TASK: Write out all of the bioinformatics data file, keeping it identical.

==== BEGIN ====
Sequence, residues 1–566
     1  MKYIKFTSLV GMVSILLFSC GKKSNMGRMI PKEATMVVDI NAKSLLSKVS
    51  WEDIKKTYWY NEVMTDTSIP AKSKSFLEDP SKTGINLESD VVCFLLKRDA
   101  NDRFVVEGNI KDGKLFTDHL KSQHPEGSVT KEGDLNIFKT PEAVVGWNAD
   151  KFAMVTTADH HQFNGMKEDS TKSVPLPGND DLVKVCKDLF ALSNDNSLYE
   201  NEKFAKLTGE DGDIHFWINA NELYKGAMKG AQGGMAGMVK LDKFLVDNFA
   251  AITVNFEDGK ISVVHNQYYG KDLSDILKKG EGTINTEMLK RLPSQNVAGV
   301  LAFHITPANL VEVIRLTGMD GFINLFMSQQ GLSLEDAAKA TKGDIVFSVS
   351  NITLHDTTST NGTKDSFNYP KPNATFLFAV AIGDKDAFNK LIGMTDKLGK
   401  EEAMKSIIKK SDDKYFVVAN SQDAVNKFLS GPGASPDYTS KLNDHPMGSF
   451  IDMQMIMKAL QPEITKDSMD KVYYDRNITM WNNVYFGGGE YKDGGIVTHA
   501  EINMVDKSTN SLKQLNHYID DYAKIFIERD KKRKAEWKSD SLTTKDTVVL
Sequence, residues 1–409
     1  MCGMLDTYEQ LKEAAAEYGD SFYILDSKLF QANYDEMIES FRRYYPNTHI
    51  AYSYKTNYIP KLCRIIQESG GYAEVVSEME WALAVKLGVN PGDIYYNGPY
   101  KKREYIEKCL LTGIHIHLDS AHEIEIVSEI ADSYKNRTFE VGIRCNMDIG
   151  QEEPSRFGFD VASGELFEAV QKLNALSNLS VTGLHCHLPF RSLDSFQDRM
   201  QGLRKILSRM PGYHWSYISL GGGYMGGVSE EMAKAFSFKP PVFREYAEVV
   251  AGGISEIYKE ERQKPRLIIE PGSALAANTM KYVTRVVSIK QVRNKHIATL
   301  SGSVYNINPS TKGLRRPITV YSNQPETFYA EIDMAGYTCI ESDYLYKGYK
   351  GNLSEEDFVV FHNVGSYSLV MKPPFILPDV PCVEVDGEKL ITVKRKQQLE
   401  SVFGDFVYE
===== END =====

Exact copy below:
Sequence, residues 1–566
     1  MKYIKFTSLV GMVSILLFSC GKKSNMGRMI PKEATMVVDI NAKSLLSKVS
    51  WEDIKKTYWY NEVMTDTSIP AKSKSFLEDP SKTGINLESD VVCFLLKRDA
   101  NDRFVVEGNI KDGKLFTDHL KSQHPEGSVT KEGDLNIFKT PEAVVGWNAD
   151  KFAMVTTADH HQFNGMKEDS TKSVPLPGND DLVKVCKDLF ALSNDNSLYE
   201  NEKFAKLTGE DGDIHFWINA NELYKGAMKG AQGGMAGMVK LDKFLVDNFA
   251  AITVNFEDGK ISVVHNQYYG KDLSDILKKG EGTINTEMLK RLPSQNVAGV
   301  LAFHITPANL VEVIRLTGMD GFINLFMSQQ GLSLEDAAKA TKGDIVFSVS
   351  NITLHDTTST NGTKDSFNYP KPNATFLFAV AIGDKDAFNK LIGMTDKLGK
   401  EEAMKSIIKK SDDKYFVVAN SQDAVNKFLS GPGASPDYTS KLNDHPMGSF
   451  IDMQMIMKAL QPEITKDSMD KVYYDRNITM WNNVYFGGGE YKDGGIVTHA
   501  EINMVDKSTN SLKQLNHYID DYAKIFIERD KKRKAEWKSD SLTTKDTVVL
Sequence, residues 1–409
     1  MCGMLDTYEQ LKEAAAEYGD SFYILDSKLF QANYDEMIES FRRYYPNTHI
    51  AYSYKTNYIP KLCRIIQESG GYAEVVSEME WALAVKLGVN PGDIYYNGPY
   101  KKREYIEKCL LTGIHIHLDS AHEIEIVSEI ADSYKNRTFE VGIRCNMDIG
   151  QEEPSRFGFD VASGELFEAV QKLNALSNLS VTGLHCHLPF RSLDSFQDRM
   201  QGLRKILSRM PGYHWSYISL GGGYMGGVSE EMAKAFSFKP PVFREYAEVV
   251  AGGISEIYKE ERQKPRLIIE PGSALAANTM KYVTRVVSIK QVRNKHIATL
   301  SGSVYNINPS TKGLRRPITV YSNQPETFYA EIDMAGYTCI ESDYLYKGYK
   351  GNLSEEDFVV FHNVGSYSLV MKPPFILPDV PCVEVDGEKL ITVKRKQQLE
   401  SVFGDFVYE